|Some NELSAP readers have
great info on this ski area run by the Hampstead Ski Club. Here's their
"nhguiness" - I just wanted to tell you about a small rope tow we operated in Hampstead NH. It was called the Hampstead Ski Club. We ran it for 10 or so years. It had a 50s Chevy motor used for the tow.
Here's the Topo Map of the area, found by Randy Percival. Notice how short the tow is!
Bailey: Hampstead ski
hill in Hampstead consisted of a single rope
tow in a farm field off route 121, north of the
center of town about 6 or 7 miles. It must
have closed in the mid 60's, because I grew up
in town and remember it operating, but
closing before I got a chance to ski there.
Here's the overhead picture of the area. Notice that there's not much to see, though the lift line is still clear. Randy also found the latitude/longitude coordinates of the area:
42d 54m 43s N
Rick Evans: I moved to Hampstead in 1969 and learned to ski on this hill at the age of 10. I have many fond memories of time spent skiing here. My dad had taught me to snow plow behind our house on East Road. When I first arrived at the hill I had never skied down such a monster slope (age 10). Parking was at the top. I was afraid to go down and my father literally kicked me in the butt. I forgot what little technique I had learned and schussed down out of control into a hedge row at the bottom.
The rope was very heavy and nasty. Burned through quite a few pairs of double leather rope gloves. There wasn't any grooming what so ever. I recall if while being towed up hill you came out of the ski tracks the rope would burn into any and all clothing. I believe the club ceased to exist in 1971. This area was for the purist as there were zero facilities. As kids we thought it was ironic that a cemetery was at the top of the hill near the parking area.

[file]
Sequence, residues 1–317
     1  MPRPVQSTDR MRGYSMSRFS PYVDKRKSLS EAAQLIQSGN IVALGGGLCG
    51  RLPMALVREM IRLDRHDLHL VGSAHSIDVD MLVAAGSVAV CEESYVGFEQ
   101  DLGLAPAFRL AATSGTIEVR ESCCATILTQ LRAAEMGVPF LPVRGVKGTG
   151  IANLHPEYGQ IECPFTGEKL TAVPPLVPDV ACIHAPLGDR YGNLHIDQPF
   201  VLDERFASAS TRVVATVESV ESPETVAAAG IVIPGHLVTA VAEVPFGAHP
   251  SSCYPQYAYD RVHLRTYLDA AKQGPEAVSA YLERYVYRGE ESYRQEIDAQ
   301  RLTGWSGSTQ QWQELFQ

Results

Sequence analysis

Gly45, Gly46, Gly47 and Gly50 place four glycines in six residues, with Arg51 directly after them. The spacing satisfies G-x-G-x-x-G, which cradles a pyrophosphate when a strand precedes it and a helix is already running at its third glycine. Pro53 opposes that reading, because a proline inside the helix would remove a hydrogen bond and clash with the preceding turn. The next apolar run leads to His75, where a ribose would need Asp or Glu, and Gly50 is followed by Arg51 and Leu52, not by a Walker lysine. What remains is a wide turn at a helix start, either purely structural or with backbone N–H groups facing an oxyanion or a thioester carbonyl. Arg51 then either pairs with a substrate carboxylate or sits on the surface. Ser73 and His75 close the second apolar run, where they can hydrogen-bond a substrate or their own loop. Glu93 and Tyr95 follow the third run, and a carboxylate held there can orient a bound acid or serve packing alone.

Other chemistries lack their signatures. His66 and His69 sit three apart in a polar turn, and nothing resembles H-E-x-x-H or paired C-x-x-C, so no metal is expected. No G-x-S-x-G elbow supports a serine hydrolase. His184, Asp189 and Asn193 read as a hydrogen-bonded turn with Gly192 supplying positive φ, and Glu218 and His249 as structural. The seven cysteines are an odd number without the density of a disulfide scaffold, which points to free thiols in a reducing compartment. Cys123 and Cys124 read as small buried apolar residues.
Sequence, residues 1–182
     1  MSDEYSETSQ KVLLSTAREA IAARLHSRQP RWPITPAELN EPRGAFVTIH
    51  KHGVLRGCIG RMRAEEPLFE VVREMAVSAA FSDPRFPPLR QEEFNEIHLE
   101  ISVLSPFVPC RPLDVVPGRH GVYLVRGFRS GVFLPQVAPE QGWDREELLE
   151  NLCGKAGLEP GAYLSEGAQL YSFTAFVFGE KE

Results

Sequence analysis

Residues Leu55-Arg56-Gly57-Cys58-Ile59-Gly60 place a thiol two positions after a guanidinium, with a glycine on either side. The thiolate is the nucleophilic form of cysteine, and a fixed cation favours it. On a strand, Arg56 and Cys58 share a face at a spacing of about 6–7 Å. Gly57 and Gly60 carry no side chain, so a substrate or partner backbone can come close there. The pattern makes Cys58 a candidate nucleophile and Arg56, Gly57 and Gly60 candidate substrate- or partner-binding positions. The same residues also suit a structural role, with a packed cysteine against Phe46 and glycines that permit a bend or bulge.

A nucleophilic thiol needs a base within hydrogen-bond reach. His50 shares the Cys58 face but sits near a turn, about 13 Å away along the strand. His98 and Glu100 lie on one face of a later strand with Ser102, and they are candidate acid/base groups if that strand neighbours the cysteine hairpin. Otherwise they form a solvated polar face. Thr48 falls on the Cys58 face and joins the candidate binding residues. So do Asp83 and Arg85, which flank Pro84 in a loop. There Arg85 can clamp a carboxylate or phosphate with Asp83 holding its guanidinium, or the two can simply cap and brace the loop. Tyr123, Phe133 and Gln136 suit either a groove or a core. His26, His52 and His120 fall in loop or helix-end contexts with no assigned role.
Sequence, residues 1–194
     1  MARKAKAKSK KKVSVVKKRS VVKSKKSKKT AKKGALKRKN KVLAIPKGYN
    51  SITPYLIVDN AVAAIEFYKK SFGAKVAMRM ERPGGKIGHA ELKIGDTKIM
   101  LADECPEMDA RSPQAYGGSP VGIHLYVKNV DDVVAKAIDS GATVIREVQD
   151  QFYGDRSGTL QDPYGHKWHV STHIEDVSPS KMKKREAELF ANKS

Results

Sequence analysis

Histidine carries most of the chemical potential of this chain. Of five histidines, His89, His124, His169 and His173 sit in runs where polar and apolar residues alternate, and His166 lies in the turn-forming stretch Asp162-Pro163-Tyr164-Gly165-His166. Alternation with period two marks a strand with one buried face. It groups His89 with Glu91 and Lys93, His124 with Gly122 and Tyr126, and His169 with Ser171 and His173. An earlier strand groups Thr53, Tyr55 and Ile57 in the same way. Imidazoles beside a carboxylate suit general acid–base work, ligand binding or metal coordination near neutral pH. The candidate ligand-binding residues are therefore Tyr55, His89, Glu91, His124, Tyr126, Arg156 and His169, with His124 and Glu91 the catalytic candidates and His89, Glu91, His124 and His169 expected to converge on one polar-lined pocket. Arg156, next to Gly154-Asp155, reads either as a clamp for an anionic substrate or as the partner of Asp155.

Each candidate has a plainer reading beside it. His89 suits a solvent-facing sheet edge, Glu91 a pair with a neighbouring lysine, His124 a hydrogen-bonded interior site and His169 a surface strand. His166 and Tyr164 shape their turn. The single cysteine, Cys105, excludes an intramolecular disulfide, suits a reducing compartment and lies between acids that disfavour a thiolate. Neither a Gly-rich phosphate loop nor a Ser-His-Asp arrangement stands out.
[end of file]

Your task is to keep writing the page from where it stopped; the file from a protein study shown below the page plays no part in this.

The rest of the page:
Each adult member took their turn at operating the tow on a weekend day. Although there were problems with the engine and rope derailments we all had a blast on this hill. All of my friends including myself have gone on to a lifetime of skiing enjoyment. It all began here.
Josh Manning: The hill you describe on this page is almost in my back yard. It's less than a mile form my house, and to this day I can still remember when we first moved to the area in 1986 the old control booth was still at the top, and the old towers for the rope to ride on were still in place. The hill has served as a wonderful place to slide, and tube and now my friends and I build jumps up there in the winter and snowboard off them. The farmer that owns the hill still keeps it maintained, and the grass cut short for the purposes of recreation. In the past months now 2002, The owners of the land, and as far as I know, the original owners of the farm and land the Morris's Have built a beautiful log home in the place where the old control booth used to stand
Carolyn and Len Chase: My family and I recall many hours enjoying the rope tow on Morris' Hill in Hampstead. The "ski area" was a community effort, spearheaded by Dave Morris, Bill and Rob Letoile, and many others! Our 6 kids learned to ski on the hill. Night skiing was the best! In our home the cry was often heard, "SKI LIGHTS ARE ON!", and we'd all head out for a few hours on the hill. Sometimes hot chocolate was served in the ski hut, and was much appreciated, especially when the kids' gloves had frozen to the rope on the tow. Excitement was added to the runs when the kids built up "jumps" near the bottom and enjoyed early "hot-dogging". Everyone pitched in to keep the car engine (for the tow) running. Maintenance of the slope was a community effort as well. In these days of astronomical ski lift prices we look back with nostalgia at the price of skiing Morris' Hill - zero! Good times, long gone!